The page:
Sociolinguistic variation in present-day Australian English

Minna Korhonen (Helsinki)

As Newbrook (2001: 114) points out, Australian English (AusE) has, until recently, largely taken its linguistic norms from British English (BrE) and, therefore, it resembles BrE in many respects. However, American English (AmE) linguistic norms are also becoming more common. According to Leitner (2004: 213), Americanisms tend to be found most often in the informal style and are more easily picked up by young people. This indicates that there are differences in the use of AmE features between age groups. Recent studies on AusE have, however, also shown that AusE does not necessarily follow either of the "main" varieties of English, but makes independent choices instead (e.g. Peters 1992 and 2001).

The topic of my PhD study is social variation in and speaker attitudes towards AusE. I will concentrate on a variety of lexical, orthographic, phonological and syntactic features in which there are differences between BrE and AmE. The aim of my study is to examine to what degree AusE follows either BrE or AmE; how it has changed during the last three generations; and to what direction AusE is possibly developing. In addition, the speakers' attitudes towards AusE will also be examined.

In the present paper, I discuss the results of a pilot study on variation in the use of certain lexical, orthographic, phonological and syntactic features in AusE. The material for the study was collected by using an Internet questionnaire comprising an elicitation test. In this test, the informants were being asked to choose which of the alternative test sentences they were most likely to use in their informal speech. The study included features from areas such as marginal modals, verb morphology, pronunciation and spelling. Additional material will be drawn from interviews that were conducted in a small town of Blayney in New South Wales, Australia in November 2005. Both sources of material include informants in three different age groups (three generations).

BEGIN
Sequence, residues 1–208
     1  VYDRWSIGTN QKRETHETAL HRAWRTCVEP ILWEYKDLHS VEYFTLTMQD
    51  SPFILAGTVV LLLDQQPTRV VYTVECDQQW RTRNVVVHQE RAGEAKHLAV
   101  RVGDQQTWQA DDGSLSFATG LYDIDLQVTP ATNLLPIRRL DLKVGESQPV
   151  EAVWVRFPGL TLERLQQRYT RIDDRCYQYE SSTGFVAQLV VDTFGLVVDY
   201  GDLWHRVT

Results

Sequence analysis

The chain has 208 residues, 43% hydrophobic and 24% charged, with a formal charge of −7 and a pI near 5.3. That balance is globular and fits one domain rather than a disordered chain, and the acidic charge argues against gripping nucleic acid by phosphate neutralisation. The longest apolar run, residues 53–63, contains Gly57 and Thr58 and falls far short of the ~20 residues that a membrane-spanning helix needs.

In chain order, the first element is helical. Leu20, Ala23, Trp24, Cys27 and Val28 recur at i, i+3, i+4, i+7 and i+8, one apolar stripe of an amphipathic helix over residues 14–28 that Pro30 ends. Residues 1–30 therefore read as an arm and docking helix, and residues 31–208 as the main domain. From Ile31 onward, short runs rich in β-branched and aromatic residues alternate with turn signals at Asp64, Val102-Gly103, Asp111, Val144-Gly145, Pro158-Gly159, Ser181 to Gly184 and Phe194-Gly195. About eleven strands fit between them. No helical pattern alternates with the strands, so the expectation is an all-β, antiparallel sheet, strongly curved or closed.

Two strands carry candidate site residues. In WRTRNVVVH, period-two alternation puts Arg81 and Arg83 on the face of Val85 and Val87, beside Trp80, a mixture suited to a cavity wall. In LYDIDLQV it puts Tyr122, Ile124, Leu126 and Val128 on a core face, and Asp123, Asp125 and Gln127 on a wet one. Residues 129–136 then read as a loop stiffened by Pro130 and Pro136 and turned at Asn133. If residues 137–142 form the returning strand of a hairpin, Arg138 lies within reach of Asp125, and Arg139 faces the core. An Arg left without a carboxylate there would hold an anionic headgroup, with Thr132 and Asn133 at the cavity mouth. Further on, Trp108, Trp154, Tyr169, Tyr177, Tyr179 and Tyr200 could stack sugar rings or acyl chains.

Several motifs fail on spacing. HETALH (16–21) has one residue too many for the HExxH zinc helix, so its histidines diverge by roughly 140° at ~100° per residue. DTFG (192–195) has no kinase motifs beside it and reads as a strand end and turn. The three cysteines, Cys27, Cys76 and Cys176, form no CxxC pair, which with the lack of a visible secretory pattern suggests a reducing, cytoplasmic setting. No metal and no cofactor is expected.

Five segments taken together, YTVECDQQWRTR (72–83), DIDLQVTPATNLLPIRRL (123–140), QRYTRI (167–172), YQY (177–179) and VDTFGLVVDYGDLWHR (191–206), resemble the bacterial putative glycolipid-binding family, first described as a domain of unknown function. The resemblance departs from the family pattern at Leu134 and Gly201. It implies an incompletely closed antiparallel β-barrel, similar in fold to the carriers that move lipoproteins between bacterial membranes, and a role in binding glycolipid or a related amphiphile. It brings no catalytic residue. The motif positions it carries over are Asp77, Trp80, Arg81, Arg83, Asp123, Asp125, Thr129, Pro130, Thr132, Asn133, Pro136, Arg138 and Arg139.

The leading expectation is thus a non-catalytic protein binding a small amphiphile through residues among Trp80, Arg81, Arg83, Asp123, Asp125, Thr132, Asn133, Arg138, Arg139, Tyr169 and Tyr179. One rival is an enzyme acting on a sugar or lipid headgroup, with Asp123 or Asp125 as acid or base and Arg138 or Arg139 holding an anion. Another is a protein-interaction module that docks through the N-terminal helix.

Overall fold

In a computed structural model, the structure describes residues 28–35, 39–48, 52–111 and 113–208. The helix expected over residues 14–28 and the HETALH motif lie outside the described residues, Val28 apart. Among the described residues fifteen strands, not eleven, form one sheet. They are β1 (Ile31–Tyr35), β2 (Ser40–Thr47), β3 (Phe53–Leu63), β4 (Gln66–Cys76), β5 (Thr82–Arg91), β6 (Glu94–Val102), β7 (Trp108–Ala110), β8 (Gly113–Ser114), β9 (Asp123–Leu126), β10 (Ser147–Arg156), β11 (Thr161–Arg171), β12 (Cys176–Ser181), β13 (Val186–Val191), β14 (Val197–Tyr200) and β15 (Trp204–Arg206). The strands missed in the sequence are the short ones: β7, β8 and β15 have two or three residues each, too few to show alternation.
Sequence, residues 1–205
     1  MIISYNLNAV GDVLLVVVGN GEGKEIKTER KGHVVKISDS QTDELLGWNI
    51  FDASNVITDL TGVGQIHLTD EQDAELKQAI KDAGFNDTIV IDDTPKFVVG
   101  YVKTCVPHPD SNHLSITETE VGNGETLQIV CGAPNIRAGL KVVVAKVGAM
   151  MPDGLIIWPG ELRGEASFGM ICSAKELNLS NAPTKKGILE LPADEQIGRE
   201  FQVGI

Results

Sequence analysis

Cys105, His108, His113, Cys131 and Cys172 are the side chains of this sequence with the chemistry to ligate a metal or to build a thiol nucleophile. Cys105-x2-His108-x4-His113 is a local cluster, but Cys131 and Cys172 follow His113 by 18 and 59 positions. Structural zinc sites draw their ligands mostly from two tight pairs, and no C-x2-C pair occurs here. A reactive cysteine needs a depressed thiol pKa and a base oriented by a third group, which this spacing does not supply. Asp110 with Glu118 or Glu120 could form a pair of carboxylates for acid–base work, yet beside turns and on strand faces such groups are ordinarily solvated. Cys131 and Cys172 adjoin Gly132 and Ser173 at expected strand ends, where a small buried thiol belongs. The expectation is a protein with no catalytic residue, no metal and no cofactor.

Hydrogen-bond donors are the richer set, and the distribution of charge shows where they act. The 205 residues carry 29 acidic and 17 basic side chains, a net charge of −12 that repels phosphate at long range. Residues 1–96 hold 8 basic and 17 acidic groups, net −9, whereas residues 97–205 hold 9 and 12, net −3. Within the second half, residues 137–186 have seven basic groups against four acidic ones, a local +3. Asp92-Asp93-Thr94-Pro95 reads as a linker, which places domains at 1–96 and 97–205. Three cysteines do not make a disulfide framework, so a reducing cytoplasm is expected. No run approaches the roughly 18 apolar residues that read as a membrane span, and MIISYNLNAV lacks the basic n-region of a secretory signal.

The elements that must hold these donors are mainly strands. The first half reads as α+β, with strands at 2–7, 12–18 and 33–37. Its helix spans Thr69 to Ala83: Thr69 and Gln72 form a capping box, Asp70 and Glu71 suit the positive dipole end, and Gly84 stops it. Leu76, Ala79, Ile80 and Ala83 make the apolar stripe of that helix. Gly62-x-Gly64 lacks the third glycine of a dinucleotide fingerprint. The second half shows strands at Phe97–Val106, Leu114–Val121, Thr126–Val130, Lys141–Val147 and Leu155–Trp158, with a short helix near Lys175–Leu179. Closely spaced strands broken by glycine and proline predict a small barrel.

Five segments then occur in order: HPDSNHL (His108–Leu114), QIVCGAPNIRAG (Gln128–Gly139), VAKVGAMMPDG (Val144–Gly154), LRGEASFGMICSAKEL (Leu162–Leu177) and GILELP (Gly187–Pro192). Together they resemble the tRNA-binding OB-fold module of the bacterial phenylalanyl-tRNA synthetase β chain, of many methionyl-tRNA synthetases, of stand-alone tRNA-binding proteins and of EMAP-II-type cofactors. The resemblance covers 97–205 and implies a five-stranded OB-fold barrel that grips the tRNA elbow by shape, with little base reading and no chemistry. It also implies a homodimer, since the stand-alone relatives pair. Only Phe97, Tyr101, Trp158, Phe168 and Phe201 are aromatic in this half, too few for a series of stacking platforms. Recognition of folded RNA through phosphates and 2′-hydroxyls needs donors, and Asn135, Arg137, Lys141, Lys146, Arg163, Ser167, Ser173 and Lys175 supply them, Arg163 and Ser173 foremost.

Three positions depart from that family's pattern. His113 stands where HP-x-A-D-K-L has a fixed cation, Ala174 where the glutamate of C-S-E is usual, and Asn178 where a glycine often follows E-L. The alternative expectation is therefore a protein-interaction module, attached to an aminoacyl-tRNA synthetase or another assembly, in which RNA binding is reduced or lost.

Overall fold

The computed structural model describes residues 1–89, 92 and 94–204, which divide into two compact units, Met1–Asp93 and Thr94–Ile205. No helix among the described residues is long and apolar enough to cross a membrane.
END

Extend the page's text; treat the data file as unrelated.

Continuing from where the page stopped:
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Leitner, Gerhard. 2004. Australia's Many Voices. Australian English - The National Language . Berlin/New York: Mouton de Gruyter.

Newbrook, Mark. 2001. "Syntactic features and norms in Australian English". In Blair, David and Peter Collins (eds), 113-132.

Peters, Pam. 1992. "American and British English in Australian usage". In Peters, Pam (ed.), Style on the Move , Proceedings of Style Council 94 . Sydney: Macquarie University, The Dictionary Research Centre. 20-30.

Peters, Pam. 2001. "Corpus evidence on Australian style and usage". In Blair, David and Peter Collins (eds), 163-178.